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Georgia Poll Workers: Rules and Constraints

Guardrails to ensure that Georgia poll workers cannot disrupt election processes.

Last Updated: March 18, 2024
Published: September 29, 2022
View the entire Poll Worker Rules and Constraints series

Written and published in partnership with All Voting is Local

In Georgia, poll workers footnote1_uLinZchmQIfg1Georgia statutes formally refer to poll workers as “poll officers.” See, e.g., O.C.G.A. § 21–2–2(26). perform critical election duties such as opening and closing polling places, setting up voting machines, and processing and assisting voters. Like other states across the country, Georgia has faced poll worker shortages in recent years. For elections to function well, each voting location must have enough qualified poll workers. It is equally important, however, that these poll workers fulfill their duties impartially and adhere strictly to the law.

In the last election cycle, media reports identified a troubling nationwide trend of recruiting individuals who subscribe to falsehoods about elections and the integrity of the democratic process as poll workers. To be sure, government officials cannot and should not prevent poll workers from participating in the election process solely because of their political viewpoints or beliefs. But they can take reasonable steps to ensure that poll workers do not act beyond their legal authority on Election Day.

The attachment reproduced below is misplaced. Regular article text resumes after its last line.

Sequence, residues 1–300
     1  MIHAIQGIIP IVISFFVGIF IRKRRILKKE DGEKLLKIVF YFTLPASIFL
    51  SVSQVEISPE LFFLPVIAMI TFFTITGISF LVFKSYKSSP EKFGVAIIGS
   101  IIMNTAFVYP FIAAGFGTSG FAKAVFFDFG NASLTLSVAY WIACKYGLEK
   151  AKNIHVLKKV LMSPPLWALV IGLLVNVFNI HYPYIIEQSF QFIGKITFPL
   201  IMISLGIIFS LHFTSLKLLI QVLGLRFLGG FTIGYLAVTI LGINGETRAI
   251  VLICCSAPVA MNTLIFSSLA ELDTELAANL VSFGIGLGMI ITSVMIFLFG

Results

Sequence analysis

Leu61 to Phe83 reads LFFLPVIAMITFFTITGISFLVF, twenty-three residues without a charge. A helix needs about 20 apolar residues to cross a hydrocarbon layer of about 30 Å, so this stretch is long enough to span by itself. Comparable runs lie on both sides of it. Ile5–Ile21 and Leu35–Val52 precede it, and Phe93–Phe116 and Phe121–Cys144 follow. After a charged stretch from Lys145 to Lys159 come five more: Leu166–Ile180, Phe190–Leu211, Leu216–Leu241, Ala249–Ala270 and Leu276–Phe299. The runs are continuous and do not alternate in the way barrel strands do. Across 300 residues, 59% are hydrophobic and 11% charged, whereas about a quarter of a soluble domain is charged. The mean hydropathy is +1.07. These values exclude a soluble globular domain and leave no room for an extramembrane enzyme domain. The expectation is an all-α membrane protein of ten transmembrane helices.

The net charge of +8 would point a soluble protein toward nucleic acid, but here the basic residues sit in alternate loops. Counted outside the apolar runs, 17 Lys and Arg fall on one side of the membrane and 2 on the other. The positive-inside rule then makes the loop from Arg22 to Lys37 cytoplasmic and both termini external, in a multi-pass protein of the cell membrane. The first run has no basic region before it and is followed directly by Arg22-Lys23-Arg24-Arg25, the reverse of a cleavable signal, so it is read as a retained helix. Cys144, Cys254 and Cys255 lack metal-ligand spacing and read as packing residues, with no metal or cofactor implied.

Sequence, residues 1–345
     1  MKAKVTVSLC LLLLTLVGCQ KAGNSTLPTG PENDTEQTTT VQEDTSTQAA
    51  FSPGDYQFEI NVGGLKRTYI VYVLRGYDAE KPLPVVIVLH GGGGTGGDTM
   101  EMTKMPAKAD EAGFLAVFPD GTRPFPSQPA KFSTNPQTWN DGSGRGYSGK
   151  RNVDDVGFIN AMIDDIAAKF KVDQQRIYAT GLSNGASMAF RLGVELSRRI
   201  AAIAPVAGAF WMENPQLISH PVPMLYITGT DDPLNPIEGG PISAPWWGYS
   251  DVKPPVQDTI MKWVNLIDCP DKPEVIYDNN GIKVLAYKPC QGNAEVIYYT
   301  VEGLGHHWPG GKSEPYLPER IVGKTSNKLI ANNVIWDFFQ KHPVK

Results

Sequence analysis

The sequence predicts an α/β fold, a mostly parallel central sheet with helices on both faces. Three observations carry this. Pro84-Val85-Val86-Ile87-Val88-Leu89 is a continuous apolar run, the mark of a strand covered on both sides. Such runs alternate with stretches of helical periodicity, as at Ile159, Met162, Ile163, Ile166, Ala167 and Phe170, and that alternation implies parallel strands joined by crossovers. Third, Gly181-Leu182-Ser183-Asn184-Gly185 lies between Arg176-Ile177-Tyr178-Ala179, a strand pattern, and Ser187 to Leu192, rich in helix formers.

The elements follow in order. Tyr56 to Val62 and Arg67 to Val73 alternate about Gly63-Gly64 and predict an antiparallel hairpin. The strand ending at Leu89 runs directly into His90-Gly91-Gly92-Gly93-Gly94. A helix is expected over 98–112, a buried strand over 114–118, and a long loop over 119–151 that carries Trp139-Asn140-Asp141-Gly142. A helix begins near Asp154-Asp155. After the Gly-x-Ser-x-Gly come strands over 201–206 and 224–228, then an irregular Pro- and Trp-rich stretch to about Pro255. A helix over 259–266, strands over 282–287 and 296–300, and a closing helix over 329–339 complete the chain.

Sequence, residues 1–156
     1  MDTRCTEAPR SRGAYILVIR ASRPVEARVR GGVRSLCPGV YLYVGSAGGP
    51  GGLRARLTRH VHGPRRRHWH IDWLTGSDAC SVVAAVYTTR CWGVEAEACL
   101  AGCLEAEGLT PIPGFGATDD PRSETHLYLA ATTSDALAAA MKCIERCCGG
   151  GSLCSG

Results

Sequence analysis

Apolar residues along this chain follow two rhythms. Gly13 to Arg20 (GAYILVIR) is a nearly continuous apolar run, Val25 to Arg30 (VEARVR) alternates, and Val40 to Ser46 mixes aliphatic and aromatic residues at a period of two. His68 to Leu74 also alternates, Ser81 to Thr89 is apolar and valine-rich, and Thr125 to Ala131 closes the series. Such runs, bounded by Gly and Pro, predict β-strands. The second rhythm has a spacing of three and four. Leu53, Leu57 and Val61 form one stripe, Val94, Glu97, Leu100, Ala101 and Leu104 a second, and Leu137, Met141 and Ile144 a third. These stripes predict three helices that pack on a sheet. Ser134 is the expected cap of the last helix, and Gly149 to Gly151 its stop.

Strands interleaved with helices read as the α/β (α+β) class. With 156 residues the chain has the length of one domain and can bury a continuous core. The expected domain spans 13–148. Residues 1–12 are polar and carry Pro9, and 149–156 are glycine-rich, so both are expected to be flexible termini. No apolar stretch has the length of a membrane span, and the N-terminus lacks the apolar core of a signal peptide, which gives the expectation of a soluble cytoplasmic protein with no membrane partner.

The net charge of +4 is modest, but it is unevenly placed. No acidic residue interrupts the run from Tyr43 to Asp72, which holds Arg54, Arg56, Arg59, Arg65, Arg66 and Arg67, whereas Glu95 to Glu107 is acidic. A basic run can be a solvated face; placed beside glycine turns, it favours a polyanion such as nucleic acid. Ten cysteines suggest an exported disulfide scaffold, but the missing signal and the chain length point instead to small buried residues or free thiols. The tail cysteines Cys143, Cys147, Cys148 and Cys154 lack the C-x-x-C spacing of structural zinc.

Georgia, like other states, already has many guardrails in place to prevent those who seek to disrupt elections from qualifying as poll workers. In advance of the 2024 election cycle, these guardrails are detailed below along with other procedures, prohibitions, and expectations that govern the proper administration of elections in Georgia.

Legal Constraints on Poll Workers